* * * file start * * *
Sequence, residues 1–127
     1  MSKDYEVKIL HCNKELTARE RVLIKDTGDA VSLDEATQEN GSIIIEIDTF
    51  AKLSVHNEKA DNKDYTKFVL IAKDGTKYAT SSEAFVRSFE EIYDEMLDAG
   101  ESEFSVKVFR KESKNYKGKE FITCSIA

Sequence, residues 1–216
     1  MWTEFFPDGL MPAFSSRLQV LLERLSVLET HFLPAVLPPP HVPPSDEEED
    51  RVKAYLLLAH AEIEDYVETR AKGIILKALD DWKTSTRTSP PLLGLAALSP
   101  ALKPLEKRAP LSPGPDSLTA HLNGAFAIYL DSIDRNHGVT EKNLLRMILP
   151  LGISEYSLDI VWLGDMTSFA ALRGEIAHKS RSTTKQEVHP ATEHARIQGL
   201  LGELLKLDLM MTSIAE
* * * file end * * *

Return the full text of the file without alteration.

Sequence, residues 1–127
     1  MSKDYEVKIL HCNKELTARE RVLIKDTGDA VSLDEATQEN GSIIIEIDTF
    51  AKLSVHNEKA DNKDYTKFVL IAKDGTKYAT SSEAFVRSFE EIYDEMLDAG
   101  ESEFSVKVFR KESKNYKGKE FITCSIA

Sequence, residues 1–216
     1  MWTEFFPDGL MPAFSSRLQV LLERLSVLET HFLPAVLPPP HVPPSDEEED
    51  RVKAYLLLAH AEIEDYVETR AKGIILKALD DWKTSTRTSP PLLGLAALSP
   101  ALKPLEKRAP LSPGPDSLTA HLNGAFAIYL DSIDRNHGVT EKNLLRMILP
   151  LGISEYSLDI VWLGDMTSFA ALRGEIAHKS RSTTKQEVHP ATEHARIQGL
   201  LGELLKLDLM MTSIAE